Date: 2012-11-26

ĀZĀDVĀR

(477 words)

Author(s): C. Edmund Bosworth
(or Āzaḏvār), a small town of Khorasan in the district (kūra, rostāq) of Jovayn, which flourished in medieval Islamic times, apparently down to the Il-khanid period. A version of this article is available in print Volume III, Fascicle 2, pp. 179 ĀZĀDVĀR (or ĀZAḎVĀR), a small town of Khorasan in the district ( kūra, rostāq) of Jovayn, which flourished in medieval Islamic times, apparently down to the Il-khanid period. It lay eight farsakhs from Jājarm and at the western end of the very fertile Jovayn corridor between the Kūh-e Čaḡatāy to the south a…
Date: 2017-01-13

ARSANJĀN

(234 words)

Author(s): C. Edmund Bosworth
a small town in Fārs on the northeastern fringes of the Zagros mountain massif. A version of this article is available in print Volume II, Fascicle 5, pp. 546-547 ARSANJĀN, a small town in Fārs on the northeastern fringes of the Zagros mountain massif. It is situated 30 miles to the east of Persepolis and 55 miles northeast of Shiraz; to its southeast lies Lake Nīrīz. There do not seem to be any mentions of Arsanǰān in the older classical Arabic and Persian geographers, although Ḥamdallāh Mostawfī mentions villages in the r…
Date: 2013-02-15

ʿABD-AL-RAZZĀQ b. AḤMAD b. ḤASAN MEYMANDI

(515 words)

Author(s): C. Edmund Bosworth
vizier to the Ghaznavid sultans Mawdud b. Masʿud and ʿAbd-al-Rašid b. Maḥmud, remaining in official service under the latter’s successor Farroḵzād b. Masʿud. ʿABD-AL- RAZZĀQ b. AḤMAD b. ḤASAN MEYMANDI, vizier to the Ghaznavid sultans Mawdud b. Masʿud and ʿAbd-al-Rašid b. Maḥmud, remaining in official service under the latter’s successor Farroḵzād b. Masʿud. He was the son of the celebrated vizier of Sultan Maḥmud of Ghazna (see Aḥmad b. Ḥasan Maymandi). His birth date is unknown but he may have been closely associated with his father in official d…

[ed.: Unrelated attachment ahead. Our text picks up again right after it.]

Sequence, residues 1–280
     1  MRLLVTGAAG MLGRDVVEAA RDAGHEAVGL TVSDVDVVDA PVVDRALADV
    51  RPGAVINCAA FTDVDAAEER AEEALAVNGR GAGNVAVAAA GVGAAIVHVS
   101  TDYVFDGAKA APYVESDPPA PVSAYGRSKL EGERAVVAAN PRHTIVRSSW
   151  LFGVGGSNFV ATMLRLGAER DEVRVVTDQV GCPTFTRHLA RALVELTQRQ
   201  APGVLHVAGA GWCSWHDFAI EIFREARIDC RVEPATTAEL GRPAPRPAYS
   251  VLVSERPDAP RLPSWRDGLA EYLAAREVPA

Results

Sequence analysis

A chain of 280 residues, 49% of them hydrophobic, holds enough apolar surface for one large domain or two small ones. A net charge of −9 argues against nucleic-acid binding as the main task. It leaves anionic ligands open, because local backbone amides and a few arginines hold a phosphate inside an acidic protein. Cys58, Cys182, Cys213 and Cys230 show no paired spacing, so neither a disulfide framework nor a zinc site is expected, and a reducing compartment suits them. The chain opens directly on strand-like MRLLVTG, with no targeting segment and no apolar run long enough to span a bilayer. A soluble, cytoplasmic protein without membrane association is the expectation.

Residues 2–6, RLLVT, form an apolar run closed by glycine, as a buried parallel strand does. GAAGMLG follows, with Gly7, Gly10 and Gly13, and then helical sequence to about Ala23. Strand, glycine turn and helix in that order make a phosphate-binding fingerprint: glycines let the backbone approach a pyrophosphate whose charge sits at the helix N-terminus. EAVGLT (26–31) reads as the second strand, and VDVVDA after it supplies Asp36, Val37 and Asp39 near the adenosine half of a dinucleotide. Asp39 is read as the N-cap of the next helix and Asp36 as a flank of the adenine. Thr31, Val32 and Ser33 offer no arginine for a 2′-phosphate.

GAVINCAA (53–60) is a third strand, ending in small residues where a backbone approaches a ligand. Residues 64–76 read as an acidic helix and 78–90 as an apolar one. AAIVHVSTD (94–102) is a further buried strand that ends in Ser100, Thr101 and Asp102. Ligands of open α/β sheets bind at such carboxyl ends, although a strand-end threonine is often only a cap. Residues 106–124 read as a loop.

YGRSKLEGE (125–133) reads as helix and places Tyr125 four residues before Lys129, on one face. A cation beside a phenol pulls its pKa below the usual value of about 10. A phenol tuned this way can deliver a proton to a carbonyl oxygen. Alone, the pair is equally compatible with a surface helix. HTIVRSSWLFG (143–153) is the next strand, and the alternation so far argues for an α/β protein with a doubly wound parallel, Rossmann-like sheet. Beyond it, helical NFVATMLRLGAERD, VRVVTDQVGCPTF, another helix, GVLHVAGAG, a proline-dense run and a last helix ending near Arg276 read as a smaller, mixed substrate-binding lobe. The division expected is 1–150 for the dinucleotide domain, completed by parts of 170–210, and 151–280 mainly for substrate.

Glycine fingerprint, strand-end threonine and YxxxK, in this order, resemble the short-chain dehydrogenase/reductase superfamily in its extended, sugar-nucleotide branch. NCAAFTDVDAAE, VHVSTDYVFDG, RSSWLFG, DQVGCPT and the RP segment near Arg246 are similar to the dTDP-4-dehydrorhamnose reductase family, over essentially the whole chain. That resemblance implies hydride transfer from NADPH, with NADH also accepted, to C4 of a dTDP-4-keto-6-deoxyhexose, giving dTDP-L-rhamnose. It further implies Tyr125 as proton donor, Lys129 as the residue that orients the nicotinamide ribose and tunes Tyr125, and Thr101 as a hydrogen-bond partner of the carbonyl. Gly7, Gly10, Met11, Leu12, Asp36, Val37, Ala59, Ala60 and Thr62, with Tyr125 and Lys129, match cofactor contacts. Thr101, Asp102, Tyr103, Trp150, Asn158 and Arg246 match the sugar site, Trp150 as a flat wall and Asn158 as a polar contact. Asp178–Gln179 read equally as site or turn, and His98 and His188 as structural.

Date: 2016-07-19

ḠARČESTĀN

(300 words)

Author(s): C. Edmund Bosworth
name of a region in early Islamic times, situated to the north of the upper Harīrūd and the Paropamisus range and on the head waters of the Moṟḡāb. A version of this article is available in print Volume X, Fascicle 3, pp. 292 ḠARČESTĀN, name of a region in early Islamic times, situated to the north of the upper Harīrūd and the Paropamisus range and on the head waters of the Moṟḡāb. To its west was Bāḏḡīs and to its northeast Gūzgān. Ḡarčestān thus corresponds to the region known at present as Fīrūzkūh and forms part of the province of Bādḡīs in contemporary Afghanistan. The term ḡarča perhaps reflec…